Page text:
It’s been helpful to write my way through his struggle. In doing so, I’ve been able to mirror it to my own journey. Back when I was in my MFA program (from 2019-2021) I worked hard to develop confidence in my writing. I had a mentor who believed in me, and that helped me to believe in myself. This enabled me to persevere through the awful, gut-wrenching process of finding an agent, and gave me the courage to believe that my work would find a home when we went out on submission with it. To be honest, a lot of that confidence was shattered when I got the phone call from my editor that Friday afternoon, and now I’m struggling to rebuild it – on a deadline. I’m questioning my jokes, wondering if my voice is clever enough, if the story is relatable enough, if the antics are believable, all of it. I feel very much the same way that I did when I was a rookie in my MFA program.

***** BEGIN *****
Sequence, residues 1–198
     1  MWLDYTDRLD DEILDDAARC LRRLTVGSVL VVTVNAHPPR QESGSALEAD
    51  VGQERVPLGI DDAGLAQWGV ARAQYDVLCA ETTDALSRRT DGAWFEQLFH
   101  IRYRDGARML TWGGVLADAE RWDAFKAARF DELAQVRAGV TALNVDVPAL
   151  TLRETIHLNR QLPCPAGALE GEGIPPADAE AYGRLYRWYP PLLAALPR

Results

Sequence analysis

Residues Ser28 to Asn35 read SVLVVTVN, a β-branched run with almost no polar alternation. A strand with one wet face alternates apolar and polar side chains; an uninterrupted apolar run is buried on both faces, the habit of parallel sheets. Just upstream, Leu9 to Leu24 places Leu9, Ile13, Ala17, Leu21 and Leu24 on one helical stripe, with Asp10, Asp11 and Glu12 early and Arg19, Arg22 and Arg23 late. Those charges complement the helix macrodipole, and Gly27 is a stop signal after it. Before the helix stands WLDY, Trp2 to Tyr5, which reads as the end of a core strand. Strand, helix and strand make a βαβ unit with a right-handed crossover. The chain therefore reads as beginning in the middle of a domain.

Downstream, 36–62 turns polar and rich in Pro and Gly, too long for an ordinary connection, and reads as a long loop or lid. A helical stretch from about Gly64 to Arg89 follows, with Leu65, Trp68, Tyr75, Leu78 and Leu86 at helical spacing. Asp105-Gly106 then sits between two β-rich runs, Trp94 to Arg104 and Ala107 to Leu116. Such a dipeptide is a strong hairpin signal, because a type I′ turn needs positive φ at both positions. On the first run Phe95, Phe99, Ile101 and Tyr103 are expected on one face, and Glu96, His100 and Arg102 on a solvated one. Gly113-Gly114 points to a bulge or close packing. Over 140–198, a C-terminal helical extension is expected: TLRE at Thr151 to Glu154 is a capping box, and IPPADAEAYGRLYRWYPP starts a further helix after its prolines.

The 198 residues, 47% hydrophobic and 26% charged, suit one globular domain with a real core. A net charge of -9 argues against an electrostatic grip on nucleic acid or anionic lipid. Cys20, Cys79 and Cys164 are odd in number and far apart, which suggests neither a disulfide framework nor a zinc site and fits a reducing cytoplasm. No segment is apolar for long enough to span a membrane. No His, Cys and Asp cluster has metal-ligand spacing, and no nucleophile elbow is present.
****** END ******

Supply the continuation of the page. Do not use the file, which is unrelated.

Interestingly enough, that’s what the new manuscript is about: a girl who enters an MFA program on the quest to become a published author. She writes commercially viable work, and is confronted with literary naysayers who make her feel very small. She questions her ability. The further along I get in the manuscript, the more brave and bold she becomes.


Just like me.


Pieces of me are explored in both the protagonist and the love interest. I write in dual POV, so with every new chapter, I get the opportunity to wrestle with a side of my own personality. I fight myself to deliver humor at the line level, explore failure and mark it with redemption, take a deep dive into self-esteem and figure out how to rebuild it when it’s torn down.


I’m at about 35,000 words now, and I’m thankful for NaNoWriMo being on the horizon, because my deadline is January 1st, and I want my agent to have a chance to read the finished product before I submit it to my editor.


Sometimes, some of the best stories are borne from the space where truth and fiction collide. I’m hoping that’s what will happen here.


I’ll keep you posted.